In March 2020, right at the start of the pandemic, the CSC released a lengthy report urging the US government and private sector to adopt a “new, strategic approach to cybersecurity”. Sombrely titled ‘A Warning for Tomorrow’, the report included more than 80 recommendations to Congress around improving “cyber deterrence”. It was later updated in light of the Covid-19 pandemic, to reflect the additional risks that had emerged. The so-called ‘Pannex’ included four new recommendations: urging Congress to pass an internet of things security law; increasing support to cybersecurity non-profits; support for establishing a Social Media Data and Threat Analysis Center; and increasing non-governmental capacity to identify and counter foreign influence campaigns. The white paper also highlighted some of the original recommendations, such as building societal resilience to disinformation.

“The Covid-19 pandemic has caused a major disruption to the economy and day-to-day life,” says Morgus. “As a result, it has illustrated the challenges with building and maintaining a resilient cyber ecosystem in a modern, connected world. While criminal tactics and targets haven’t changed, cyberthreat actors are able to take greater advantage of increasingly vulnerable businesses, governments and individuals.”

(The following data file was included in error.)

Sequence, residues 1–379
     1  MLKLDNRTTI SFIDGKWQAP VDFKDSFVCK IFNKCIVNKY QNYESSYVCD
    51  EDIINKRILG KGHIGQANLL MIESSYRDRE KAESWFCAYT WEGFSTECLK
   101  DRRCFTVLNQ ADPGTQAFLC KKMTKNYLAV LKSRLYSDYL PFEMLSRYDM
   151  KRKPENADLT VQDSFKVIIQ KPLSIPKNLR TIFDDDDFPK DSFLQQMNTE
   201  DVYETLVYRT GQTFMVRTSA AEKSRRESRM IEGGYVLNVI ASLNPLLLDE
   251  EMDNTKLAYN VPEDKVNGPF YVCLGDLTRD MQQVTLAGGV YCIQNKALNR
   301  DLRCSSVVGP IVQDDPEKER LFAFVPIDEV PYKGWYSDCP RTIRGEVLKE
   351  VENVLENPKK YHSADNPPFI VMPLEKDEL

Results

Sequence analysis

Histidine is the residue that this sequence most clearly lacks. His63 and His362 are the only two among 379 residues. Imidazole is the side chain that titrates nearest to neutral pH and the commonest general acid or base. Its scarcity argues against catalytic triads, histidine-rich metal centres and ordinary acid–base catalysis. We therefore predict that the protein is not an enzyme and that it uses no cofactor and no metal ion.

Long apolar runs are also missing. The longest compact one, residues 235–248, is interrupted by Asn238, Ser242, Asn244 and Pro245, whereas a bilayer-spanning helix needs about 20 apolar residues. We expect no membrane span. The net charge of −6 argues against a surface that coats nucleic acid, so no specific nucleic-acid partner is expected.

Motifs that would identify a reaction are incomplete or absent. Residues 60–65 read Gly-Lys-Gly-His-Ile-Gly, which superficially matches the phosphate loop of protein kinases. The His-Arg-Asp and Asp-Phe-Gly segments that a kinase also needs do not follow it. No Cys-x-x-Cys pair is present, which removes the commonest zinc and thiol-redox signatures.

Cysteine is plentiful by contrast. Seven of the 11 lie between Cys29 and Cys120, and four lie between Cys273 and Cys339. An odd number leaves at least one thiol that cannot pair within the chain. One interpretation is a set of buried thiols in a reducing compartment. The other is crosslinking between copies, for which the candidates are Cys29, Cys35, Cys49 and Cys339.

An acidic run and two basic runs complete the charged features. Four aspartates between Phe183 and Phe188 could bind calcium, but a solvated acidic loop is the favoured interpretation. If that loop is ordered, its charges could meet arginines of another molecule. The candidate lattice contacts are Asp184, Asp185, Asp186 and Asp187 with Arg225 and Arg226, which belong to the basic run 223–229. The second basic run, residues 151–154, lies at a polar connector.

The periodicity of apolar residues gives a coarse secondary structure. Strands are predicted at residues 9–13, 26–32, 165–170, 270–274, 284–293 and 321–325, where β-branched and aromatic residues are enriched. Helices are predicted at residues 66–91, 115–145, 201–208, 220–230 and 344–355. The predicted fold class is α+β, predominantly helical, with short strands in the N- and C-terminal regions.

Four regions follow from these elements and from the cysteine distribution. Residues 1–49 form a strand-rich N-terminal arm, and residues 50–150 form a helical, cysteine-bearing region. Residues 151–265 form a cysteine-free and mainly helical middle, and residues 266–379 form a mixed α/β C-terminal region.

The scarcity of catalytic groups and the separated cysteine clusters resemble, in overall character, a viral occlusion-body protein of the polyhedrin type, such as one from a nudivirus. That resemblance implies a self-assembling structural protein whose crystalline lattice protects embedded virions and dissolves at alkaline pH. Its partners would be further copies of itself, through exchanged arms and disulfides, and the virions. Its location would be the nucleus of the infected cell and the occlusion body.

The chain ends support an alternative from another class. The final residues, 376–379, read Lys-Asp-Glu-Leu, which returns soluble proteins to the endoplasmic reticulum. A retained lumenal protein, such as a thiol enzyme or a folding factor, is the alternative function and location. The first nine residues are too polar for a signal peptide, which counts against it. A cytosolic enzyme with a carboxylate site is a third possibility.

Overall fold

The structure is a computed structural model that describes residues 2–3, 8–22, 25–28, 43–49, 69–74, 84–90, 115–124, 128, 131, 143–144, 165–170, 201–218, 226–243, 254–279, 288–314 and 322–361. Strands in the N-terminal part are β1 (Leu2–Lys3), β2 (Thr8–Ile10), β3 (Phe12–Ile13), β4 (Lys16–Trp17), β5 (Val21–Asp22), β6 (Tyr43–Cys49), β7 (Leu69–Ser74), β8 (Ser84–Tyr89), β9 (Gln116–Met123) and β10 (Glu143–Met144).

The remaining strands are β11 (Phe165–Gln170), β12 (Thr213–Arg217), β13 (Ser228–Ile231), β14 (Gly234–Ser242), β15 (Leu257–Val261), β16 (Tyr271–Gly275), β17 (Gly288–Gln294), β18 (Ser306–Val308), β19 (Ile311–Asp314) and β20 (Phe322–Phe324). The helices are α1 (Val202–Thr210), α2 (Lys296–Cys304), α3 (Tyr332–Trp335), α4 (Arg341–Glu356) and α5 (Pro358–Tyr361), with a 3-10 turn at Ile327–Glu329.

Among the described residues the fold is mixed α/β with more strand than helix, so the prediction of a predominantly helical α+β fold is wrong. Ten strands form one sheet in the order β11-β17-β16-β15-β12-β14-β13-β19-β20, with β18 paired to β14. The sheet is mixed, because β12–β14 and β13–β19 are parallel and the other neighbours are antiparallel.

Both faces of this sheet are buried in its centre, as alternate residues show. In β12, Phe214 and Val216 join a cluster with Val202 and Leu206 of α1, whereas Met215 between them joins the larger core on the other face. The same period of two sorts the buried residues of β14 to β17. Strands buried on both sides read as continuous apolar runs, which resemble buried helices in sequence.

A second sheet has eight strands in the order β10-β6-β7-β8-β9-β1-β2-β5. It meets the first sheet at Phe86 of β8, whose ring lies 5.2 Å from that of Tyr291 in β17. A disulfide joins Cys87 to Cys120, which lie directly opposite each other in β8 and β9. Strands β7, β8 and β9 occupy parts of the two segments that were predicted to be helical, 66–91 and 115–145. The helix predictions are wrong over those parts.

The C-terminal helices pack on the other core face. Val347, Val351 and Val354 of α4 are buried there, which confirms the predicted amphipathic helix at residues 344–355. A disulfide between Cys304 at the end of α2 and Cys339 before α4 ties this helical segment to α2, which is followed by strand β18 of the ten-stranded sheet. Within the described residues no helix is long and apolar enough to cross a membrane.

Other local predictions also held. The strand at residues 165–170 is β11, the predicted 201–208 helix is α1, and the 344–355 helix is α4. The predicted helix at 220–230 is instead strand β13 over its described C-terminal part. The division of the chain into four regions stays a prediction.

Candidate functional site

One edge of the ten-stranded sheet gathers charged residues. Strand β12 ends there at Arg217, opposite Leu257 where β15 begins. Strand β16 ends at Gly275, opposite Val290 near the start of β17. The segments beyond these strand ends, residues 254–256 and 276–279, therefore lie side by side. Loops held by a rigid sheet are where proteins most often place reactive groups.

A newfound insecurity

Part of the issue is that people are working from home more, in less secure digital environments. This has led to a surge in fraud and malicious activity. The cybersecurity company McAfee has estimated that cybercrime costs surpassed $1trn in 2020, 50% higher than in 2018 and accounting for more than 1% of global GDP.

Within the healthcare sector specifically, the stats are galling. Cloud provider VMware Carbon Black said that its healthcare customers experienced 239.4 million attempted cyberattacks in 2020, or an average 816 attempted attacks per endpoint. This was an astonishing 9,851% increase on 2019.

“Necessary social distancing has created a newfound reliance on cloud services and other technologies that allow for remote work and school,” says Morgus. “This reinforces the importance of secure cloud platforms and digitisation more broadly. Businesses are more reliant on the security of cyber infrastructure, as they have far less ability to shield devices from compromise or disruption.”

He points out that criminals, like nation states, often seek out soft targets, or those that are less mature in terms of cyberposture.

“This has led to criminals targeting small and medium-sized businesses and state and local governments in the US with ransomware campaigns,” he says. “Outsourcing IT and security to managed service providers, including mainstream cloud service providers, is often the best way for these entities to mature their cybersecurity posture while keeping costs manageable.”


Cost of cybercrime in 2020.


239.4 million

The number of attempted cyberattacks on VMware Carbon Black’s healthcare customers in 2020.

VMware Carbon Black


The proposed investment in US cybersecurity by the Biden administration.


Anti-vaxxers going viral

In many cases, the target is not an organisation at all. Some malicious actors have sought to disrupt vaccine rollout by disseminating false information about the virus or the vaccine.